NY Sun, September 18, 2008
American Banker excerpt after the jump.
A brutal combination of bad financial decisions and serious misjudgments about the inherent value and liquidity of securitized instruments, coupled with the use of excessive leverage, contributed to the demise of Bear Stearns and seriously weakened the capital structure of other major broker-dealers.
The Securities and Exchange Commission oversees the financial condition of all broker-dealers, and it used from 1975 to 2004 a “net capital rule” as its primary tool to ensure that broker-dealers had adequate capital bases and sufficient liquidity.
The rule, which I participated in formulating, required that every broker-dealer compute its net capital daily by doing two things. First, it had to value all liquid assets at market prices and then subject that value to a “haircut” of a specified percentage, depending on the assets’ expected market risk. (A 30-year Treasury bond was carried for net capital purposes at 94% of its market value because changes in interest rates would affect its market value; riskier securities were subject to bigger haircuts.) Second, the broker-dealer was limited in the amount of debt it could incur, to about 12 times its net capital, though for various reasons broker-dealers operated at significantly lower ratios.
The SEC’s basic net capital rule, one of the prominent successes in federal financial regulatory oversight, had an excellent track record in preserving the securities markets’ financial integrity and protecting customer assets. There have been very few liquidations of broker-dealers and virtually no customer or interdealer losses due to broker-dealer insolvency during the past 33 years.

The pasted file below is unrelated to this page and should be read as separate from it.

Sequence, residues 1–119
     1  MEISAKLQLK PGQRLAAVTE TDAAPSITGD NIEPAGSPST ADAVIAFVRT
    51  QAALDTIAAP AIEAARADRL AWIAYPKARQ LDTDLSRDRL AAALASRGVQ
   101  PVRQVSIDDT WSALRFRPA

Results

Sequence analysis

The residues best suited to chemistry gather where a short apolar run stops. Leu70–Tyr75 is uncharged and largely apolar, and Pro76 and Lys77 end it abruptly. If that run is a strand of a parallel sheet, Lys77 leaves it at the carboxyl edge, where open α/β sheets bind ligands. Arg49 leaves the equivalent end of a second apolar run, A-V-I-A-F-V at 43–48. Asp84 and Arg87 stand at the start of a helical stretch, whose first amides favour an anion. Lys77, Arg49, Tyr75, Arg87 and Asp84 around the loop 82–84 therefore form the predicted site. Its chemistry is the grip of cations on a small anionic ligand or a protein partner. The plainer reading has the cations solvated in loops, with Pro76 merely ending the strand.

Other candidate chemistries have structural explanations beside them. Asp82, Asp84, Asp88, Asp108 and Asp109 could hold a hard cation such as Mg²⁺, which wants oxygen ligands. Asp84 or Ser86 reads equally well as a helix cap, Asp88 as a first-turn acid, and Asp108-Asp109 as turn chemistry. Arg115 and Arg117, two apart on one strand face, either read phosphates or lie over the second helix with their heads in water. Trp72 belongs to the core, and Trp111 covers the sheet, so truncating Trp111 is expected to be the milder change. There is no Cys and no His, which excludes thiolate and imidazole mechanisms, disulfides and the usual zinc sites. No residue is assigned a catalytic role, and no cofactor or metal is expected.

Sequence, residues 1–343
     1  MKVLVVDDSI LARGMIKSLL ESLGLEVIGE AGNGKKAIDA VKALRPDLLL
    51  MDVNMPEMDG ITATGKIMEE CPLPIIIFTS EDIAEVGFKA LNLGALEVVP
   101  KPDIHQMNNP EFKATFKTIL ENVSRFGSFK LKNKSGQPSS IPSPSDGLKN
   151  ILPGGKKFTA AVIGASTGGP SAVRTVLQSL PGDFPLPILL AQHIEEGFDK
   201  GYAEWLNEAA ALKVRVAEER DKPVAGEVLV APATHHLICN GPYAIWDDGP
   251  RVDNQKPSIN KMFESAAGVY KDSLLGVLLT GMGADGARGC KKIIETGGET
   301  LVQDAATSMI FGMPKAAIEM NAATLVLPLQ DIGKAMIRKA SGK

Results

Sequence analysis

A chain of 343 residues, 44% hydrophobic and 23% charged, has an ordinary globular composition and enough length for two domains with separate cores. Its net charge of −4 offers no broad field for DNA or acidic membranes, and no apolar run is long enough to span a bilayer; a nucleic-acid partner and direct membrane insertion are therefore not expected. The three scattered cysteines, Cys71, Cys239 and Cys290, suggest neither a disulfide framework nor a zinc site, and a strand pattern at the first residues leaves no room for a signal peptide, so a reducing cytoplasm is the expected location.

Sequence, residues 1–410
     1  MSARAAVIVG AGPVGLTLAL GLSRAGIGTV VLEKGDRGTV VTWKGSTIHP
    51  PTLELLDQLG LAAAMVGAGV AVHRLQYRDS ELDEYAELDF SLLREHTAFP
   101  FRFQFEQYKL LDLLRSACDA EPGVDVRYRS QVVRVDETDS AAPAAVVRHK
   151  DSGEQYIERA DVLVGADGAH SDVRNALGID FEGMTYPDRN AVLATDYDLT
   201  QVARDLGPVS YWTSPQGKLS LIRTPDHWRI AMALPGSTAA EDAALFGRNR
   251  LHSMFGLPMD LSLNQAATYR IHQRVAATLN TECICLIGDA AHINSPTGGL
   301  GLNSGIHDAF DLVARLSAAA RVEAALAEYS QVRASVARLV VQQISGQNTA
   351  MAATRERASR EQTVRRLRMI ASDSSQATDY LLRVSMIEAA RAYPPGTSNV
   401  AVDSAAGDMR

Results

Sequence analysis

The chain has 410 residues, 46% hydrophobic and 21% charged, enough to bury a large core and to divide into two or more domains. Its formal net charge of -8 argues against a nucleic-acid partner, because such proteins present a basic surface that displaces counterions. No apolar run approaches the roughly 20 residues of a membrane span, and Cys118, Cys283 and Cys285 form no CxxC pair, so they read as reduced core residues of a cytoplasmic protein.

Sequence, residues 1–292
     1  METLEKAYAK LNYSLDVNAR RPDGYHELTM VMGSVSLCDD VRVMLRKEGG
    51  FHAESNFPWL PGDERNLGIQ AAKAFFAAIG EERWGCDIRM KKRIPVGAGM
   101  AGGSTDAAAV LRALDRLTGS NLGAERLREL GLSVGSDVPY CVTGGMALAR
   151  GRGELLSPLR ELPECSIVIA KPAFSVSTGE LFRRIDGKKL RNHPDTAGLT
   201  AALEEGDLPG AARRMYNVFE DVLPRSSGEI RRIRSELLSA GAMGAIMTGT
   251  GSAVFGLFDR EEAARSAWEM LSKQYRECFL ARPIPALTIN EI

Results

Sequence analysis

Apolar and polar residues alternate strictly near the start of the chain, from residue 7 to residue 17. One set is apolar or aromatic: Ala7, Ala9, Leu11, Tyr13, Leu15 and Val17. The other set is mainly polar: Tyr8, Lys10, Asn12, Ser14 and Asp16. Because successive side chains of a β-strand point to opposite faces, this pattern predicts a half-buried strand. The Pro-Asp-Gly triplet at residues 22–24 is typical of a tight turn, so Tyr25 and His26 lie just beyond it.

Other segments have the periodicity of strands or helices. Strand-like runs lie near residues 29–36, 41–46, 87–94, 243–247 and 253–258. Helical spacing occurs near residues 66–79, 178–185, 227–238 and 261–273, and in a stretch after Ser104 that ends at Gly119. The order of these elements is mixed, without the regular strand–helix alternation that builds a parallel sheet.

Under an alternative approach adopted by the SEC in 2004, broker-dealers with, in practice, at least $5 billion of capital (such as Bear Stearns) were permitted to avoid the haircuts on securities positions and the limitations on indebtedness contained in the basic net capital rule. Instead, the alternative net capital program relies heavily on a risk management control system, mathematical models to price positions, value-at-risk models, and close SEC oversight.
As the SEC itself has noted, this alternative program requires significant judgment, as contrasted with the numerical tests and capital charges (the haircuts) imposed on broker-dealers under the basic net capital rule. The alternative approach also requires substantial SEC resources for complex oversight, which apparently are not always available.
The SEC has maintained that the Bear Stearns collapse was precipitated by rumors and an unprecedented crisis of confidence, driven by lack of liquidity for the large securities positions it held. If, however, Bear Stearns and other large broker-dealers had been subject to the typical haircuts on their securities positions, an aggregate indebtedness restriction, and other provisions for determining required net capital under the traditional standards, they would not have been able to incur their high debt leverage without substantially increasing their capital base.
The losses incurred by Bear Stearns and other large broker-dealers were not caused by “rumors” or a “crisis of confidence,” but rather by inadequate net capital and the lack of constraints on the incurring of debt.
The SEC should reexamine its net capital rule and consider whether the traditional standards should be reapplied to all broker-dealers. Moreover, broker-dealer losses should give the SEC pause regarding its recent proposal effectively to abandon the objective debt ratings of nationally recognized statistical rating organizations in favor of “subjective” tests of broker-dealers in determining adequate levels of regulatory net capital.
As the Bear Stearns collapse showed, no broker-dealer is “too big to fail” — unless the federal government comes to the rescue.